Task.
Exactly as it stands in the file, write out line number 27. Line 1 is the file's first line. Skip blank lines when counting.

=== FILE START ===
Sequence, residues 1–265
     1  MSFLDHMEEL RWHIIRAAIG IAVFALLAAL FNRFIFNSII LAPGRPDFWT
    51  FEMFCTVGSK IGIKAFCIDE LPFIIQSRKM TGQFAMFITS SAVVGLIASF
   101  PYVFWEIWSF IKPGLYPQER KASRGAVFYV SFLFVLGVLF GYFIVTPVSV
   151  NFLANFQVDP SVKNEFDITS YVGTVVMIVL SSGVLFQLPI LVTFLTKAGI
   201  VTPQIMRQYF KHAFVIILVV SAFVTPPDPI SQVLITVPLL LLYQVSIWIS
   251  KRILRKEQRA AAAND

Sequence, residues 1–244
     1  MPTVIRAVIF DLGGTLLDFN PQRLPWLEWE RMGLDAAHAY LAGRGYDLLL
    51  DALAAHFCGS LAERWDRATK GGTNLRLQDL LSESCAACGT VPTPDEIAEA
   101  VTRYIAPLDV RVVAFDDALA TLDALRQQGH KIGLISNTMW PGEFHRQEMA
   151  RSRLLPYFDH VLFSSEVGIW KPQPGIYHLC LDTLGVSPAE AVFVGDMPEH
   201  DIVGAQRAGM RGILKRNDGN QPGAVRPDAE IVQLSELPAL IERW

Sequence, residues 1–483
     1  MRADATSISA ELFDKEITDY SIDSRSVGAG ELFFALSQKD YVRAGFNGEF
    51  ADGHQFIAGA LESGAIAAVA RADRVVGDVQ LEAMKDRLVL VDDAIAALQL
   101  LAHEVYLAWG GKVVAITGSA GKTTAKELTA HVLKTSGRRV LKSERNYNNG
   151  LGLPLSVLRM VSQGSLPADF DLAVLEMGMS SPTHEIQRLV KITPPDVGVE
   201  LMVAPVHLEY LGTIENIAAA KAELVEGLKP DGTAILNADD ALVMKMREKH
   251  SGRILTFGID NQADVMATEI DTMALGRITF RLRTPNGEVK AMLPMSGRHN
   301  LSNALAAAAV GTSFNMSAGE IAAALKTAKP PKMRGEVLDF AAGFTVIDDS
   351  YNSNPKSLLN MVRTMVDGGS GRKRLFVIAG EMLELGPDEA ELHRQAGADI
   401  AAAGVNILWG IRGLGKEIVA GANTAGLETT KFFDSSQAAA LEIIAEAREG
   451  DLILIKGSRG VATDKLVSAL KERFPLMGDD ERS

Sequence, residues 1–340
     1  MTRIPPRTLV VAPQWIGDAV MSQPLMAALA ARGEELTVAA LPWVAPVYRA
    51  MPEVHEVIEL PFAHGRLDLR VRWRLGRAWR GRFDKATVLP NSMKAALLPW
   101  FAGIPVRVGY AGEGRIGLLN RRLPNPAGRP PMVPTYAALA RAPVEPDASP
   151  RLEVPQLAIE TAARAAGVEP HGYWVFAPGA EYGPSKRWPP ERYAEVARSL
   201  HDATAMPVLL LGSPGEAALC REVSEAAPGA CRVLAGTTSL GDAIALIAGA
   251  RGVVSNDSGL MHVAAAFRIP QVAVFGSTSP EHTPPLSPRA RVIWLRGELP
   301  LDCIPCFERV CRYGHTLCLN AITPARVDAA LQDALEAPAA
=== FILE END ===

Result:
    51  MPEVHEVIEL PFAHGRLDLR VRWRLGRAWR GRFDKATVLP NSMKAALLPW